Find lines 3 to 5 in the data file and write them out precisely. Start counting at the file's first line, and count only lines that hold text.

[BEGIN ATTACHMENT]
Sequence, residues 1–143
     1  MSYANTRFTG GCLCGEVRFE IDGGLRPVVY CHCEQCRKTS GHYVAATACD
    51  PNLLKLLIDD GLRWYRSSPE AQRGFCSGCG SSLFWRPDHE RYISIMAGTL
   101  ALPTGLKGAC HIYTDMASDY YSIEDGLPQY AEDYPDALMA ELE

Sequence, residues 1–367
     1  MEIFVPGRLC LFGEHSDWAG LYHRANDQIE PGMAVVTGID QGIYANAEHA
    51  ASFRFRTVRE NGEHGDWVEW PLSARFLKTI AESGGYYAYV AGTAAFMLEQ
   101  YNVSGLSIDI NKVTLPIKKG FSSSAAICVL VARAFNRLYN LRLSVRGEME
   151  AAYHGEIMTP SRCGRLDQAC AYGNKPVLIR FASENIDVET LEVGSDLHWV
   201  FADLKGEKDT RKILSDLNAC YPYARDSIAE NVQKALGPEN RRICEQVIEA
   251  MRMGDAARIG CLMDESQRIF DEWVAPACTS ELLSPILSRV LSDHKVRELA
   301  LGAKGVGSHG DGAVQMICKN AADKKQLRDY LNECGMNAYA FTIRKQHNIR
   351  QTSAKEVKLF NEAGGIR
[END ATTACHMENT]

    51  PNLLKLLIDD GLRWYRSSPE AQRGFCSGCG SSLFWRPDHE RYISIMAGTL
   101  ALPTGLKGAC HIYTDMASDY YSIEDGLPQY AEDYPDALMA ELE

Sequence, residues 1–367